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Updated 10:00 AM September 22, 2008
 

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URC fuels new industries

Related story:
Author calls for bold action to turn energy crisis around >

Toyota Motor Corp. is investing $100 million in a new R&D complex in the heart of Michigan's University Research Corridor. URC scientists develop bio-fuels, next generation windmills and smart sensors "doing things we couldn't imagine."

The URC partners — U-M, Michigan State University and Wayne State University — highlighted their contribution to making energy technology a robust sector of the Michigan economy in a report released Sept. 17. The report, the second since the URC's inception two years ago, noted that the URC produced an economic impact of $13.3 billion, represents 69,285 jobs and educates more students than the nation's best comparable R&D clusters.

"The knowledge economy is here, and competition in the realm of innovations and ideas will be every bit as global and as fierce as it is in manufacturing," said MSU President Lou Anna Simon. "Michigan's three internationally recognized research institutions are essential to creating the intellectual capital and the technology breakthroughs that will make our state competitive. The URC generates innovations, new technologies, and new businesses that not only provide jobs, but also improve life for all citizens of Michigan."

As soaring oil prices spur new interest in energy-related R&D, the report chronicled how the URC partners are working closely with the auto industry, energy companies and the federal government to create new green technologies. The report shows the URC conducted $79.5 million in alternative energy R&D in 2007, a number expected to grow.

The energy issue is a global issue and it's skyrocketing in importance," said Wayne State President Jay Noren. "To bring these three institutions together to address this question of alternative energy has value that goes far beyond Michigan.''

Noren noted Wayne State-developed smart sensors, with uses in fuel cells as well as chemotherapy, are "doing things we couldn't imagine 20 years ago."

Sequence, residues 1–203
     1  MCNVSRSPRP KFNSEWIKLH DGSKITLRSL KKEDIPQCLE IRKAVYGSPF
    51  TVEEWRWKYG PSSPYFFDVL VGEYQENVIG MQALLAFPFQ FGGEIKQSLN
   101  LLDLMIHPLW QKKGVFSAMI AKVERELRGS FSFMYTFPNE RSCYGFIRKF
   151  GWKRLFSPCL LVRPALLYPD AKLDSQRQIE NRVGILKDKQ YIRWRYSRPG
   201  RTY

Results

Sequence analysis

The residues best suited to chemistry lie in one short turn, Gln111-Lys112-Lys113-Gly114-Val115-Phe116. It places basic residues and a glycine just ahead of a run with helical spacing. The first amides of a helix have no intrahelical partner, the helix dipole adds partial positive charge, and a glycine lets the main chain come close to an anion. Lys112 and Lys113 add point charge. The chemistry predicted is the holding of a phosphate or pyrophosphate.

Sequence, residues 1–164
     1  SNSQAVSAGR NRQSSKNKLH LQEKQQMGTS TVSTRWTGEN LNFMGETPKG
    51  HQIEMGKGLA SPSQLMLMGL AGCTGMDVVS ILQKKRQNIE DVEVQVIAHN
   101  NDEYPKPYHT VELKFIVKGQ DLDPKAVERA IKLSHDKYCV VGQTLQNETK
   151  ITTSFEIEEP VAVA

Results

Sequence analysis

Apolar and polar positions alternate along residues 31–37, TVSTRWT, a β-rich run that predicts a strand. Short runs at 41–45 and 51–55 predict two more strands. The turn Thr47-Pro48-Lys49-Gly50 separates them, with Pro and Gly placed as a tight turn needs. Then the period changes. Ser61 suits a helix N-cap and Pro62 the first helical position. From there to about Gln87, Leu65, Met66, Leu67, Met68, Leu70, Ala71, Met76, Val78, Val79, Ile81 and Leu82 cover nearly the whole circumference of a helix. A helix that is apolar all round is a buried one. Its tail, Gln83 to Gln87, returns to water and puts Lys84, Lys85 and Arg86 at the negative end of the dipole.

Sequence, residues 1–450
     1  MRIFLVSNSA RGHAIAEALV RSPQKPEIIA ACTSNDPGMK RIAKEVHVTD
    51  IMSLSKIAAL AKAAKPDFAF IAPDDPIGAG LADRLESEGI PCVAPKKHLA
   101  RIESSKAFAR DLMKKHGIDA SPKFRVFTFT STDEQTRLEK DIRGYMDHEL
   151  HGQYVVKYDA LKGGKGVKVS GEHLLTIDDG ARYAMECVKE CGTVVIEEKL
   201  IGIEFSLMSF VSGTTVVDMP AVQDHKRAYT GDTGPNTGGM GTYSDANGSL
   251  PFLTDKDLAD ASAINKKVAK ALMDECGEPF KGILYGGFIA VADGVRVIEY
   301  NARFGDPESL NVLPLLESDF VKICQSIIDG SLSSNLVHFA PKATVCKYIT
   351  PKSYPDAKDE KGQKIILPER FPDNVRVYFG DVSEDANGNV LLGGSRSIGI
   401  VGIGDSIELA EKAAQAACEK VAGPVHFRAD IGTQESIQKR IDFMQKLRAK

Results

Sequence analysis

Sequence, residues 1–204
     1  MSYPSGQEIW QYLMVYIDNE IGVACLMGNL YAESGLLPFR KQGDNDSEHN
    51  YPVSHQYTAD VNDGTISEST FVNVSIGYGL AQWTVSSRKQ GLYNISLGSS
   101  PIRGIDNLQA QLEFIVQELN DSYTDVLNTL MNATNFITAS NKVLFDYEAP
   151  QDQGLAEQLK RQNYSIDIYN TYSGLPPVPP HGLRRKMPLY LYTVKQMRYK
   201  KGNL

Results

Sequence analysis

WSU is working with U-M researchers who are leaders in fuel cell and solar technologies as well as MSU scientists internationally known for their work in bio-fuels, he added, with each partner bringing unique strengths that together take developments to a higher level.

The report, comparing the URC with peer research university clusters in California, Massachusetts, Illinois, North Carolina and Pennsylvania, found the URC's overall research investments were $1.38 billion in 2006, $10 million more than in 2005.

The study, conducted over a four-month period by the Anderson Economic Group, found the URC slipping from 4th to 5th among the seven research university clusters for greatest amount of R&D expenditures. At the same time, the URC rose from 5th to 4th for the number of patents and climbed from 6th to 5th for the number of technology licenses.

The research found the URC is an active partner in developing and attracting new growth industries like green technology, alternative energy, life sciences, IT and nanotech.

"Industry is turning to our universities more frequently to support the innovation and new discoveries that will fuel our future," said President Mary Sue Coleman. "We expect this trend to continue."

Businesses are now investing $16.7 billion in industry-performed R&D within Michigan each year (second only to California), employing another 65,000 professionals, the report found.

A major source of talent, research and innovative ideas partnering with business and communities, the report found the URC beat all major national rivals for the number of degrees in physical science, medicine, biological science, agriculture and natural resources and was in the top three for engineering, math and computer science, business and law degrees conferred.

The $13.3 billion net economic impact represents the additional earnings to state residents caused by the operation of the three institutions. These earnings stem from expenditures by the URC universities on non-payroll items such as supplies and equipment, and those made by URC employees, students and alumni.

"These universities increased their net contribution to the earnings of our residents by $400 million over the last year, even as the Michigan economy remained in a deep slump," said Patrick Anderson, principal and CEO of the Anderson Economic Group.

For more information and the full report, go to www.urcmich.org/.

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